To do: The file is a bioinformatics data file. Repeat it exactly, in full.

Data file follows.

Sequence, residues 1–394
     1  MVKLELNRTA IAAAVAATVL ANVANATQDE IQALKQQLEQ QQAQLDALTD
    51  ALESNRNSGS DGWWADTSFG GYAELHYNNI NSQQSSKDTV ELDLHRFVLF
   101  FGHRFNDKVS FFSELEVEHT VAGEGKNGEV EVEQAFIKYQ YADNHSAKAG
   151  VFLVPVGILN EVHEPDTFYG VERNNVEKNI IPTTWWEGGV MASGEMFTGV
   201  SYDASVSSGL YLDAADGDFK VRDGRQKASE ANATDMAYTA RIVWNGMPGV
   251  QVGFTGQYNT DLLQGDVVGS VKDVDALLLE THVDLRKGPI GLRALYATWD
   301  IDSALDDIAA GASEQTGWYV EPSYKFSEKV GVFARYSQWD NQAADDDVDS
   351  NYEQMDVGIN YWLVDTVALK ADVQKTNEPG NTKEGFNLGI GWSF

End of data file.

Sequence, residues 1–394
     1  MVKLELNRTA IAAAVAATVL ANVANATQDE IQALKQQLEQ QQAQLDALTD
    51  ALESNRNSGS DGWWADTSFG GYAELHYNNI NSQQSSKDTV ELDLHRFVLF
   101  FGHRFNDKVS FFSELEVEHT VAGEGKNGEV EVEQAFIKYQ YADNHSAKAG
   151  VFLVPVGILN EVHEPDTFYG VERNNVEKNI IPTTWWEGGV MASGEMFTGV
   201  SYDASVSSGL YLDAADGDFK VRDGRQKASE ANATDMAYTA RIVWNGMPGV
   251  QVGFTGQYNT DLLQGDVVGS VKDVDALLLE THVDLRKGPI GLRALYATWD
   301  IDSALDDIAA GASEQTGWYV EPSYKFSEKV GVFARYSQWD NQAADDDVDS
   351  NYEQMDVGIN YWLVDTVALK ADVQKTNEPG NTKEGFNLGI GWSF